Open RAN continues its turbo-charged ascent up the technology and political agenda. Telefónica Deutschland today poured extra fuel into the engine by asking European policymakers to fund open RAN vendors. It has also made a commitment to use open RAN at about 1,000 of its mobile sites. The question is whether a sector relatively unscathed by COVID-19 really deserves to benefit from Europe's post-pandemic stimulus package.
Open RAN has quickly garnered attention amid growing unease about the dominance of Ericsson, Huawei and Nokia in the market for radio access network (RAN) products. Traditionally, an operator would buy all the RAN components at any given site from one of those suppliers. Attempting to mix them up would risk interoperability problems.
That has spurred telco interest in open RAN. Using new interfaces, this new-fangled technology should allow a service provider to combine vendors, buying RAN software from one provider and hardware from others. In doing so, it also promises a role for general-purpose kit rather than the highly customized equipment made by the big RAN vendors.
Telefónica has already been one of the loudest cheerleaders for open RAN within the Telecom Infra Project, a Facebook-led industry association whose stated goal is to spur network innovation and reduce equipment costs. Last August, Enrique Blanco, its chief technology officer, said up to half his RAN investments between 2022 and 2025 would be in open RAN technology. Weeks later, he announced a wide-ranging partnership, including joint procurement, with Japan's Rakuten, the only company that can realistically claim to have built a major open RAN network in a developed market.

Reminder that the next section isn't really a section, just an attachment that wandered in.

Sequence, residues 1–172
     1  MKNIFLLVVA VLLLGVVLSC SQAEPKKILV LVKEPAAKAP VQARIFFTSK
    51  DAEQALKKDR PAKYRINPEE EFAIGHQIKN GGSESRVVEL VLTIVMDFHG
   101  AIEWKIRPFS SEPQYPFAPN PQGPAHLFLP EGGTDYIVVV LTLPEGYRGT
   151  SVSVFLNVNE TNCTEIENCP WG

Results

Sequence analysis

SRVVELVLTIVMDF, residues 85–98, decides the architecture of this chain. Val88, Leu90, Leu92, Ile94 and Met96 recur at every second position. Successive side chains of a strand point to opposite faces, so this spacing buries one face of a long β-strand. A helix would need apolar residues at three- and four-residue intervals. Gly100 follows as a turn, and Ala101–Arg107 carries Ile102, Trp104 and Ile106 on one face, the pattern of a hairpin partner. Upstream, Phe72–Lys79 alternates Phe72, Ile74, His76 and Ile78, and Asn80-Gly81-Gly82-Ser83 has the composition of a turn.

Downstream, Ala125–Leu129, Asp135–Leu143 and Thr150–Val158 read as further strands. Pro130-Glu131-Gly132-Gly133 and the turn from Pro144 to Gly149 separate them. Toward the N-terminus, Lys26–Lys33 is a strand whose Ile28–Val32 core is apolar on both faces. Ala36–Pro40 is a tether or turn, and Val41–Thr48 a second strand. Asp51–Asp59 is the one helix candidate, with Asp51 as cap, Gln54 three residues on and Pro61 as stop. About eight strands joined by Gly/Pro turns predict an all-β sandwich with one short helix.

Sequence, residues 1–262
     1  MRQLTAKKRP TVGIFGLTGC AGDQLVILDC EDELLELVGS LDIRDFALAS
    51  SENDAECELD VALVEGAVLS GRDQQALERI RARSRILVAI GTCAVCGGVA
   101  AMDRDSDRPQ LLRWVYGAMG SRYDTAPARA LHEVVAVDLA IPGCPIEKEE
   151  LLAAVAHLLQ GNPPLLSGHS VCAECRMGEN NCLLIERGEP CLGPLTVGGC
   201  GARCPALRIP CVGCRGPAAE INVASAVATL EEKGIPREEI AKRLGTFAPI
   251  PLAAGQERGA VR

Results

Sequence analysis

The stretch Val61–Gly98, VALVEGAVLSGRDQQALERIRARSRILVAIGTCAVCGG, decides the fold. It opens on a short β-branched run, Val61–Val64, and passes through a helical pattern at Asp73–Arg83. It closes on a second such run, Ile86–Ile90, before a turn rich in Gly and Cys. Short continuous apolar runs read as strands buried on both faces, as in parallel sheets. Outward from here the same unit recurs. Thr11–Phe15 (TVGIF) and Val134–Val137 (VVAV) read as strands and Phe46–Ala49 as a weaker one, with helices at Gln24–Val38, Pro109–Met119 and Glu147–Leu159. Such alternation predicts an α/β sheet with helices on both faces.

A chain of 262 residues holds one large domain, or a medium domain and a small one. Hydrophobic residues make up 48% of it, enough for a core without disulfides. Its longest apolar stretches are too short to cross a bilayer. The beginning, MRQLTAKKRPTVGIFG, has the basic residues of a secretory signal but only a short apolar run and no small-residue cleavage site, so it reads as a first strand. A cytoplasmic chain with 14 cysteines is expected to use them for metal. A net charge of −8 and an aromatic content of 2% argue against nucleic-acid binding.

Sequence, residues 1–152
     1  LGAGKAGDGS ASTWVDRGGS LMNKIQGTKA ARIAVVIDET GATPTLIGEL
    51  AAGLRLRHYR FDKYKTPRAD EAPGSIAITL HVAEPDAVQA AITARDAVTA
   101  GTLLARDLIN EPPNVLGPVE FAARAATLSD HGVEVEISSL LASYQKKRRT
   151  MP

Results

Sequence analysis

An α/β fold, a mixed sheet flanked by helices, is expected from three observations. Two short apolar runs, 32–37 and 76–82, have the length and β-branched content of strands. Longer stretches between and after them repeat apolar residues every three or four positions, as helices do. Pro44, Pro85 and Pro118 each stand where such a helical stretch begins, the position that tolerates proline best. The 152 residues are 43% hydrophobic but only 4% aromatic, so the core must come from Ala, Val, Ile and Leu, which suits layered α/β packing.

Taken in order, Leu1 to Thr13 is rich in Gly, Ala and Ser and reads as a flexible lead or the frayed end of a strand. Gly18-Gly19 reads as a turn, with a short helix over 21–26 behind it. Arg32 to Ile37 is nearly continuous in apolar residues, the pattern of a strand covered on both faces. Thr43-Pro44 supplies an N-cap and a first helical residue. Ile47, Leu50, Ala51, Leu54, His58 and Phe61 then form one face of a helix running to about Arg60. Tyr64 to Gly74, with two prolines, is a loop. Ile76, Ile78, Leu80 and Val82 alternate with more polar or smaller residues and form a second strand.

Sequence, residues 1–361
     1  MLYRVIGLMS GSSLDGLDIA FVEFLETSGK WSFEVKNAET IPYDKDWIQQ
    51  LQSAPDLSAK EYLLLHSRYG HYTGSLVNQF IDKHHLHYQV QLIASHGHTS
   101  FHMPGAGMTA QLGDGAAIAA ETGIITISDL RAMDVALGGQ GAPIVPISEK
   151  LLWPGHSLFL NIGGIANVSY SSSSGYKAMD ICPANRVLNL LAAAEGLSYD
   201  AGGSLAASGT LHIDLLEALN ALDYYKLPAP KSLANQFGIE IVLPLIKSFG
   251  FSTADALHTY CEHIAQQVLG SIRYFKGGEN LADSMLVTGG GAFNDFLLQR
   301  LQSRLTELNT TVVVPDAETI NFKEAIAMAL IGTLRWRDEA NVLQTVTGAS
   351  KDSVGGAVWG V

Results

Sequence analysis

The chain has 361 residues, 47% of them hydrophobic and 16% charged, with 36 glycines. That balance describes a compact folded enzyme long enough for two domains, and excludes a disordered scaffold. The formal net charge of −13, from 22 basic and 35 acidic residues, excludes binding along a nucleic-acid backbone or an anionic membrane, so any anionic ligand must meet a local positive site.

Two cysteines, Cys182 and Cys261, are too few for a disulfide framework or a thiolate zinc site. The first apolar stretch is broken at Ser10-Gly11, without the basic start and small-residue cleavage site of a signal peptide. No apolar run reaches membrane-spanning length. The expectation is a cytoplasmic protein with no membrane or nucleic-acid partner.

Show me the money
Now Telefónica's German subsidiary has urged regional policymakers to commit part of the European recovery fund – a stimulus package intended to repair economic damage caused by COVID-19 – to open RAN.
"We continue to work to unlock the value of these European programs because clearly there are industry-leading initiatives of some of the manufacturing being brought back to Europe, especially on open RAN," said Markus Haas, Telefónica Deutschland's CEO, when asked during a call with analysts if the European recovery fund could benefit the telecom industry.
"Open RAN should also be supported," he continued. "There is high interest so that the overall industry, the vendor landscape, might change or might be empowered by additional funds in order to progress and accelerate open RAN."
His remarks followed a statement and presentation in which Telefónica Deutschland promised to equip around 1,000 mobile sites with open RAN technology over an unspecified timeframe. While this number would equate to a fairly small fraction of the roughly 28,000 mobile sites the operator currently uses, it represents a bigger commitment than any other large European operator bar Vodafone has made to open RAN technology.
Mallik Rao, Telefónica's chief technology officer, echoes the concerns of other service providers about the immature and largely unproven technology. Radios that work across different spectrum bands are still not ready, he told analysts this morning. More sites would need connecting to fiber lines for "backhaul," the connection between basestations and the core network. Perhaps the main worry is that operators would have to work in what Rao called a "decomposed ecosystem." A multivendor RAN network could be much harder to manage.